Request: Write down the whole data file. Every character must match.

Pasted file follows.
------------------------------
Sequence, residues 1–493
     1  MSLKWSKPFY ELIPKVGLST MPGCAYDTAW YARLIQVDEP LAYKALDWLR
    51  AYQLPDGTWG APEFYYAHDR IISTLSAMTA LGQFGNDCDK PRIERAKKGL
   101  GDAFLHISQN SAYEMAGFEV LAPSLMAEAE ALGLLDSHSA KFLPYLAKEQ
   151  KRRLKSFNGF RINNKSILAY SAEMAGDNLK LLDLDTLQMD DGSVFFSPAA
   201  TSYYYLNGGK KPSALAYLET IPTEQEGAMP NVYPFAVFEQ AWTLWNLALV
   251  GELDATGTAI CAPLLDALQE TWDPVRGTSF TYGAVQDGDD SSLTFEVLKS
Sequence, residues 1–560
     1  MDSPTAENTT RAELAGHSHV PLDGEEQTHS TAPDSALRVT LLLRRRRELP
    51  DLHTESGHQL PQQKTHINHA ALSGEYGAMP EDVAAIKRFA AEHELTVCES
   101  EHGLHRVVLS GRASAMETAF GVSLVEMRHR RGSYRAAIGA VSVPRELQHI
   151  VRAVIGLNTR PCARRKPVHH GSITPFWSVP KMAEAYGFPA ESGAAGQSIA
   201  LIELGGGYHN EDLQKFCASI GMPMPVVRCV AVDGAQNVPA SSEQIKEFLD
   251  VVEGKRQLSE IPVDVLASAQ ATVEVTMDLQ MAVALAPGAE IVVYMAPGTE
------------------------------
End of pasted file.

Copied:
Sequence, residues 1–493
     1  MSLKWSKPFY ELIPKVGLST MPGCAYDTAW YARLIQVDEP LAYKALDWLR
    51  AYQLPDGTWG APEFYYAHDR IISTLSAMTA LGQFGNDCDK PRIERAKKGL
   101  GDAFLHISQN SAYEMAGFEV LAPSLMAEAE ALGLLDSHSA KFLPYLAKEQ
   151  KRRLKSFNGF RINNKSILAY SAEMAGDNLK LLDLDTLQMD DGSVFFSPAA
   201  TSYYYLNGGK KPSALAYLET IPTEQEGAMP NVYPFAVFEQ AWTLWNLALV
   251  GELDATGTAI CAPLLDALQE TWDPVRGTSF TYGAVQDGDD SSLTFEVLKS
Sequence, residues 1–560
     1  MDSPTAENTT RAELAGHSHV PLDGEEQTHS TAPDSALRVT LLLRRRRELP
    51  DLHTESGHQL PQQKTHINHA ALSGEYGAMP EDVAAIKRFA AEHELTVCES
   101  EHGLHRVVLS GRASAMETAF GVSLVEMRHR RGSYRAAIGA VSVPRELQHI
   151  VRAVIGLNTR PCARRKPVHH GSITPFWSVP KMAEAYGFPA ESGAAGQSIA
   201  LIELGGGYHN EDLQKFCASI GMPMPVVRCV AVDGAQNVPA SSEQIKEFLD
   251  VVEGKRQLSE IPVDVLASAQ ATVEVTMDLQ MAVALAPGAE IVVYMAPGTE